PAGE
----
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France’s energy bill to exceed €100 billion this year

France’s fossil fuel import bill is expected double from 2021, reaching €100 billion as energy bills skyrocket across Europe, the French Nuclear Energy Society (SFEN) told a Parliamentary hearing on Wednesday.

The French Treasury revealed in April that the French energy bill had reached a record high, rising from €27 billion in the second half of 2021 to €48 billion in the first half of 2022. In light of current price data, “we will end the year with an energy bill of over €100 billion,” SFEN Director General Valérie Faudon told the hearing Committee.

The bill was at €44.3 billion in 2021, over double the €19.1 billion in 2020, according to the latest figures from the ecological transition ministry.

The rise in costs can be explained by the difference between energy supply and demand following the COVID-19 crisis, which has led to rising fossil fuel prices and import volumes.

More specifically, import bills for oil, refined products, and biofuels have risen sharply. The bill for natural gas has almost tripled, from €5.2 billion in 2020 to €13.3 billion in 2021.

At the same time, coal imports increased only slightly, while a positive electricity export balance reduced the bill by €2.6 billion, compared to €1.2 billion in 2020.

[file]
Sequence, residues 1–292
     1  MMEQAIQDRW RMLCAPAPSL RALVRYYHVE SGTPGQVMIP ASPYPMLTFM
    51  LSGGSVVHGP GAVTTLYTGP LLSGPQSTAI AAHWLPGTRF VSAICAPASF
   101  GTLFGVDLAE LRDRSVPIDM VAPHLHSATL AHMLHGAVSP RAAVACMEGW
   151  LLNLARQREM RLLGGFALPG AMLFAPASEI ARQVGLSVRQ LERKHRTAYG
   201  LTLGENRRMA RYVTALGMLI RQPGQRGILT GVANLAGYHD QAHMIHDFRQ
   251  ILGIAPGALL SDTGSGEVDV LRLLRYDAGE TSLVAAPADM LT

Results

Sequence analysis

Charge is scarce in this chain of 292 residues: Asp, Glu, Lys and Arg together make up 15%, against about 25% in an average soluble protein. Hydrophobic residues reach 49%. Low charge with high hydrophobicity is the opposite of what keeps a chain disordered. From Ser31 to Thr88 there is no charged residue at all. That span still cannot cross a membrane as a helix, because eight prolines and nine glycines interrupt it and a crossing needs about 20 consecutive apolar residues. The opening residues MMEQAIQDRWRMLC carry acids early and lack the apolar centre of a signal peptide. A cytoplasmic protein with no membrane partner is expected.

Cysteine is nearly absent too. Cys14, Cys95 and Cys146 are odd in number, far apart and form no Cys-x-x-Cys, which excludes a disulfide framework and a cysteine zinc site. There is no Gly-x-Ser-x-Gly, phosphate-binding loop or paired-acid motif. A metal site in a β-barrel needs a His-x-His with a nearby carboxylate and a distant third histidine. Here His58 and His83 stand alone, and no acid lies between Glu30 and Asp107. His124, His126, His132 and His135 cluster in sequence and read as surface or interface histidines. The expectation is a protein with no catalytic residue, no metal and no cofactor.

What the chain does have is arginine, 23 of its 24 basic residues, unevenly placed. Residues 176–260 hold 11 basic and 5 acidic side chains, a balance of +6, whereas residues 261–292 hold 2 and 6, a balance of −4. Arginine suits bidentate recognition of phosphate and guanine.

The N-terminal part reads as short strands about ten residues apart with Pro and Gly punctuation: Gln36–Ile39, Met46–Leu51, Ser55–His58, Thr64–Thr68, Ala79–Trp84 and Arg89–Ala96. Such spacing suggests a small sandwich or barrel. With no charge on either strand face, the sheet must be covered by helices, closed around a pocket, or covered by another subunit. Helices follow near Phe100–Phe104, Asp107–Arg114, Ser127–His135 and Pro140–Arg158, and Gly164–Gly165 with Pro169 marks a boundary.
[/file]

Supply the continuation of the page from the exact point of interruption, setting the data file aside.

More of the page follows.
France’s saving grace: nuclear energy

The situation is similar, if not worse, in other European countries. Germany’s energy mix is 78% fossil fuel, compared to France’s 46%. France is also less dependent on Russian gas than its European partners, accounting for only 20% of its energy imports, compared to 38% in the EU.

According to a restrictive approach based on the cross-sectional data acquired, the German bill is likely to exceed 120 billion euros by the end of this year.

That said, French and EU dependency on Russian gas has been steadily increasing over the past three years, with a 13% and 20% rise in 2019, respectively.

However, France can count on nuclear energy more than many of its neighbours. It remains affordable enough not to become a strategic concern and represents less than €1 billion for the year, Faudon explained.

According to the ecological transition ministry, nuclear energy accounted for 40% of all primary electricity consumption.

“We can see the effects of a good energy mix compared to a dependence on fossil fuels,” Faudon noted.

In spite of nuclear, France is a net importer of electricity

In 2022 however, France will remain a net electricity importer. The low availability of nuclear energy due to delayed maintenance on nuclear plants and the limited hydro-produced electricity due to summer droughts have pushed electricity costs extensively – alongside a hike in imported fossil fuels prices and volumes.

According to the French national statistics body INSEE, the €100 billion bill should represent between 4% and 4.5% of France’s 2022 gross domestic product.

This situation has consequently led to a sharp deterioration in the French trade balance, from a €51 billion deficit in the second half of 2021 to a €71 billion deficit for the second part of 2022.